SEO & Ecommerce: The Ranking Factors That Even An SEO Sceptic Needs To Know
Does the thought of ‘doing SEO’ leave you cold? Not sure if it’s really relevant to your business?
Well — how does having more customers sound like to you?
A report into the importance of SEO found that the top site for a search had an average click-through rate (CTR) of 36.4%, with the second and third sites achieving a CTR of 12.5% and 9.5% respectively. While you might be skeptical about the importance of SEO to your ecommerce site, it’s unlikely you’ll be skeptical about the benefits of more customers clicking through to your website.
But good SEO isn’t about artificially inflating your rankings — it’s about good business sense, content, and usability. By aligning your website with simple best practices and guidelines, you should see a positive rankings impact. Here’s how to get started.
This is the first thing you need to get sussed in order to give your store a chance of ranking well. And keyword research isn’t techy or hard to do — anyone can do it with some simple tools.
There are various tools you can use to help you find out what the relevant keywords are for your ecommerce business. I have listed some of the best below:
You may skeptical about their importance, but by using keywords which are relevant to the business your ecommerce operates in, you are showing searchers and search engines that you have a relevant website.
Mix up competitive commercial intent keywords with some top of the funnel keywords (often called ‘long tail’ or informational keywords) to ensure that your website content is natural and thorough. You may want to use these keywords in blogs or product guides.
While keywords will improve your ranking on search engines, your title tag is the most important SEO tool for converting your searchers into customers.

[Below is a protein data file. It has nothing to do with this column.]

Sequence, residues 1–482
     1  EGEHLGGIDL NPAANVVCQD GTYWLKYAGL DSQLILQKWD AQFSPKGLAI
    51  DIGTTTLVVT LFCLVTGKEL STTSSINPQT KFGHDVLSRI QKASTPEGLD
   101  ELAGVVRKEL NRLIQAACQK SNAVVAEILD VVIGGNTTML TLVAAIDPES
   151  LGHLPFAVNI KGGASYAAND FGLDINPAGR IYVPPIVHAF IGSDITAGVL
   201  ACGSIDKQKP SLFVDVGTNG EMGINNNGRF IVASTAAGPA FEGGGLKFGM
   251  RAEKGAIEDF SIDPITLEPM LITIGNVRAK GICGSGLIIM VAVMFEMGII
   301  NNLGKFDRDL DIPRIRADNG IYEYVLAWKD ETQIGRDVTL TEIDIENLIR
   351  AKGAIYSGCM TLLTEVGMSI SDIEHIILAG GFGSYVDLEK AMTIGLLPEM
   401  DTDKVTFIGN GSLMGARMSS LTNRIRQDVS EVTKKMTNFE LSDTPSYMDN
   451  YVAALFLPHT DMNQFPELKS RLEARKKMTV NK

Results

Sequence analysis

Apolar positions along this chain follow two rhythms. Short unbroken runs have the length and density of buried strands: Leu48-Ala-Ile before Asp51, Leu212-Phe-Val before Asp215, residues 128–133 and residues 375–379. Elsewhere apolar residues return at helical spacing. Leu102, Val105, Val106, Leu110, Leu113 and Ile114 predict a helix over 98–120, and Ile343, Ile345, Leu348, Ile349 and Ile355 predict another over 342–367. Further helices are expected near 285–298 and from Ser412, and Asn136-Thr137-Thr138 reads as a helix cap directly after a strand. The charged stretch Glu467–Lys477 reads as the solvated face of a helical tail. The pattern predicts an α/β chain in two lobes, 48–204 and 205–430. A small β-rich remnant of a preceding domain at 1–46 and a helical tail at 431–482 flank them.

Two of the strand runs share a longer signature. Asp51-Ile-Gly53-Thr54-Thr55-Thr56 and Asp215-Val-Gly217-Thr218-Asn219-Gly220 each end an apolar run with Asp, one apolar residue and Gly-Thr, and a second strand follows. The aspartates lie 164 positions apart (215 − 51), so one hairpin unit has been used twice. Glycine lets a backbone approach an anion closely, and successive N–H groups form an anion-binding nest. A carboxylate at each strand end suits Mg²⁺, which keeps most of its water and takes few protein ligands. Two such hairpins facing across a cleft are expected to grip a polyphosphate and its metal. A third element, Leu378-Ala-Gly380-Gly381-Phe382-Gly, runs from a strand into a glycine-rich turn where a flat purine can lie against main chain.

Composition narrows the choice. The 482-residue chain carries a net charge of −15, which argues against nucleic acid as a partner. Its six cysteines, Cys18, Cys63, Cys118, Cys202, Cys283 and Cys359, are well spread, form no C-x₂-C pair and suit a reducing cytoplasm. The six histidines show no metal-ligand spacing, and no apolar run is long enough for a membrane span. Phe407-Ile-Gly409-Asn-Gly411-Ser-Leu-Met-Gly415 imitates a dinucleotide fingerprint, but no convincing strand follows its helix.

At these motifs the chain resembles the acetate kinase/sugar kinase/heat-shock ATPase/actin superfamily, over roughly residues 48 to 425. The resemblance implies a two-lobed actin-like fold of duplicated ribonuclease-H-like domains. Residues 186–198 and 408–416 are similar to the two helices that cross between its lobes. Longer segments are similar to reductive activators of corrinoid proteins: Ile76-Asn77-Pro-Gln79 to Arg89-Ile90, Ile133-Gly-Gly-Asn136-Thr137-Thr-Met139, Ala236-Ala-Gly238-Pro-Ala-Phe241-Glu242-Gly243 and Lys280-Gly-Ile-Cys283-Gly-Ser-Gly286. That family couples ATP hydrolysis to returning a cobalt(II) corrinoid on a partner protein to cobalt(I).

Below I have highlighted the titles of pages that have come up on page one of a Google search that I made for “ecommerce.”
Note how ecommerce is included in each title tag and that they are short and succinct. You need to grab the attention of searchers quickly and demonstrate that they will find what they need on your ecommerce site.
A good title will be:
- Less than 70 characters long
- Mention your brand and product where appropriate – it must be done naturally
- Include keywords – again, naturally
You might be skeptical about the impact of a title tag will have on your ecommerce site, but Google isn’t. Optimizing your title tags across your store is one of the quickest and easiest SEO wins for your business — and make sure that every page has a unique one!
In most content management systems, editing title tags is something you can quickly do yourself (or even automate). If you are on WooCommerce, you will want an SEO plugin like Yoast, whereas Shopify stores have an in-built system — or you can always download a metadata app if you’re looking to import data from another system in order to save time.
Google considers content very important to how it ranks sites.
Previously, sites have stuffed their content with keywords in order to boost their rankings position. That no longer washes.
The key now with content is that it must be unique, informative, and relevant. If it isn’t, Google will penalize your ecommerce site by dropping you down the rankings in its searches.
Below I have searched for “men’s belt” to show you what relevant looks like in ecommerce:
As you’ll see, Google wants a close and relevant a match. There is a fair amount of diversity when it comes to exact wording and cataloging, but generally it’s pretty obvious how theses domains fit within the search.
If the content on your ecommerce site is not relevant, and does not incorporate the language used by your potential customers, then Google will not consider it a good match for their searches.
There are methods that you can employ to make your content more relevant and user-friendly:
- Utilize your keywords, but don’t spam